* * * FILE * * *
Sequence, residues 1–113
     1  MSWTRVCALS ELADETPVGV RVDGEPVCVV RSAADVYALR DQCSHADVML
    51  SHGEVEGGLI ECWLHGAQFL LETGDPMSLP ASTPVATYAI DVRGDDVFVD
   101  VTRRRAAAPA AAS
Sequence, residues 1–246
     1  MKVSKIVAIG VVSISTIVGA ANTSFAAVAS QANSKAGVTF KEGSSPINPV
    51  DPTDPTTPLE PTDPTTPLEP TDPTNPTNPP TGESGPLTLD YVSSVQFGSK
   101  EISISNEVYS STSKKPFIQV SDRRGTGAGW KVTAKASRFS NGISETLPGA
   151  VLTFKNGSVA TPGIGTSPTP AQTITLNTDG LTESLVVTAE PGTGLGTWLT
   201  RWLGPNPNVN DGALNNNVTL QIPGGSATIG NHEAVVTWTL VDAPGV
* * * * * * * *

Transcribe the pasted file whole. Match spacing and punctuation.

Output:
Sequence, residues 1–113
     1  MSWTRVCALS ELADETPVGV RVDGEPVCVV RSAADVYALR DQCSHADVML
    51  SHGEVEGGLI ECWLHGAQFL LETGDPMSLP ASTPVATYAI DVRGDDVFVD
   101  VTRRRAAAPA AAS
Sequence, residues 1–246
     1  MKVSKIVAIG VVSISTIVGA ANTSFAAVAS QANSKAGVTF KEGSSPINPV
    51  DPTDPTTPLE PTDPTTPLEP TDPTNPTNPP TGESGPLTLD YVSSVQFGSK
   101  EISISNEVYS STSKKPFIQV SDRRGTGAGW KVTAKASRFS NGISETLPGA
   151  VLTFKNGSVA TPGIGTSPTP AQTITLNTDG LTESLVVTAE PGTGLGTWLT
   201  RWLGPNPNVN DGALNNNVTL QIPGGSATIG NHEAVVTWTL VDAPGV